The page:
The Memoirs of Prince Max of Baden - Vol. 1

The Memoirs of Prince Max of Baden - Vol. 1

The Memoirs of Prince Max of Baden - Vol. 1

The Memoirs of Prince Max of Baden - Vol. 1

Excerpt

Much that is in this book must fail to carry conviction in England.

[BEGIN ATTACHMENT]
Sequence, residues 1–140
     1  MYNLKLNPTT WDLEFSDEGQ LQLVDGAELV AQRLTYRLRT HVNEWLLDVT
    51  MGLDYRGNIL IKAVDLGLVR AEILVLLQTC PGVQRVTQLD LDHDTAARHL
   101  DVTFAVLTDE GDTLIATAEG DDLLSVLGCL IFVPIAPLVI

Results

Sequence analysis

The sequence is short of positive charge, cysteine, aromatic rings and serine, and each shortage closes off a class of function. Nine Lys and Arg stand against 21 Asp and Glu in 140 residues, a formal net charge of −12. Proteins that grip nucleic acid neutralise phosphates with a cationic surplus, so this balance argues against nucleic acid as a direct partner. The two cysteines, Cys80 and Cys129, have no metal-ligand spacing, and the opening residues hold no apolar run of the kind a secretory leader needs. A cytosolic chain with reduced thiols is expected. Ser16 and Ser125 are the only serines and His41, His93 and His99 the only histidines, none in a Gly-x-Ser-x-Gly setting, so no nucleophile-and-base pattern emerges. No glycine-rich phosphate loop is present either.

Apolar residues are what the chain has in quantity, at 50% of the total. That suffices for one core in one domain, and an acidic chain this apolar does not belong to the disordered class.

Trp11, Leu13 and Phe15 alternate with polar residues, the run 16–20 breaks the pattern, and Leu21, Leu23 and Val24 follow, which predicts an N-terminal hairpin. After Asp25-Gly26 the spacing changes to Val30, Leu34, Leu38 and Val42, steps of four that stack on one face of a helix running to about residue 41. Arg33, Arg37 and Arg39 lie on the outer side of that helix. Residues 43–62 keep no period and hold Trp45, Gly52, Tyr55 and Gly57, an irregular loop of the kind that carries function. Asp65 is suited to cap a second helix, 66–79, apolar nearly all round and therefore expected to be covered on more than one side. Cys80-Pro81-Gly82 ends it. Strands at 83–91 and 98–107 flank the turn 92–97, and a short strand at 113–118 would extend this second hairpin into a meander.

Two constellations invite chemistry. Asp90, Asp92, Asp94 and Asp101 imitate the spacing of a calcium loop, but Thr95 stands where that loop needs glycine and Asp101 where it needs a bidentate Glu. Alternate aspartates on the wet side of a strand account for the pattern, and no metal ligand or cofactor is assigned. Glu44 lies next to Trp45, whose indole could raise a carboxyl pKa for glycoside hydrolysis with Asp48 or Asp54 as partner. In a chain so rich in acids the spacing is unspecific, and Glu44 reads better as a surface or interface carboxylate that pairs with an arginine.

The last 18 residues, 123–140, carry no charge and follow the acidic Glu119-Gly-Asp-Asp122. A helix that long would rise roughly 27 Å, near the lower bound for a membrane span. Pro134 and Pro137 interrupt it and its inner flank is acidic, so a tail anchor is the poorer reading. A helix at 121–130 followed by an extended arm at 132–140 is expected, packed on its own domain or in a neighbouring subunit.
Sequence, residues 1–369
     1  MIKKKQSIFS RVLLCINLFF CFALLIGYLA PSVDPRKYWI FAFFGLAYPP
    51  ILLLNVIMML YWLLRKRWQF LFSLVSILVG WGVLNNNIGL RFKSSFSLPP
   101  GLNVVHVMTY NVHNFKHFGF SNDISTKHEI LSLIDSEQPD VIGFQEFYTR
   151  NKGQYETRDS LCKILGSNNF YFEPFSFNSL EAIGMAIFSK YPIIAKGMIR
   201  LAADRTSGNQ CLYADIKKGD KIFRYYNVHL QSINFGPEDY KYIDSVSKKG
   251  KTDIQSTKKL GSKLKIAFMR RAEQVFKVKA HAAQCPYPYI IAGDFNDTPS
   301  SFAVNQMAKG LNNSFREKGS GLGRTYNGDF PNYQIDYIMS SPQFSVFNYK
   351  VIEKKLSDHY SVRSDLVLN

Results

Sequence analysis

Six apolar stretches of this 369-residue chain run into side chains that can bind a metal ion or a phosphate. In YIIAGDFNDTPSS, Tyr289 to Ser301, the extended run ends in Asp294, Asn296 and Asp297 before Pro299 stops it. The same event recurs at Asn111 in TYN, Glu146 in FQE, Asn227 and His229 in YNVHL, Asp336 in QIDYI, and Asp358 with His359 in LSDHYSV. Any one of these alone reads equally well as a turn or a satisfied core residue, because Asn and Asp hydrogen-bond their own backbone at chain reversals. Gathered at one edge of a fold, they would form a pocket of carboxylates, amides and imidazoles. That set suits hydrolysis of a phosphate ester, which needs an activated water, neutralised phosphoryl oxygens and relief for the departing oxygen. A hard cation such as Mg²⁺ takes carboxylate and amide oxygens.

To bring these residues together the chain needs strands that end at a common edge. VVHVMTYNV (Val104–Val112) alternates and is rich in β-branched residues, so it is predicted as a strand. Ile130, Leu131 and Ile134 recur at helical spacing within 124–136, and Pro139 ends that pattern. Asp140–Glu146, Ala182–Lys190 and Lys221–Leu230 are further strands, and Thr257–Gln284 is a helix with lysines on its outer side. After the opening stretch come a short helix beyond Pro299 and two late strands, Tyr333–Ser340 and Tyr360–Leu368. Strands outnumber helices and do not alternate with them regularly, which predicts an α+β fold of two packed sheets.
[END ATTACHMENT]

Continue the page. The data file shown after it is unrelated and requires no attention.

On both sides there are bitter experiences that colour one's judgment, and prevent it from attaining that ultimate clarity which it is striving after. Many are the controversies which will only be settled by the Verdict of History; and for such a verdict the times are not yet ripe--of this I am certain. But there is one truth which I believe myself to have established in these 'Memoirs,' and it is of importance for the advance of humanity that this truth should come to be recognised: The protagonists had, in the year 1915, in 1916, in 1917, and in 1918, golden opportunities of bringing about a peace of general contentment. This peace would have earned the protests of the Jingoes in all the countries concerned, and the gratitude of their peoples for centuries to come. It often seemed as if the leading men on both sides were on the point of taking the decisive step; and yet it never was taken. There was no lack of insight; it was a want of power to withstand the surging passions which had been aroused. To-day we may lament the obstinacy and the blindness of the Jingoes, but it would be more truthful to admit that it was the liberal- minded men who were too weak to follow out the course which they recognised to be the right one.

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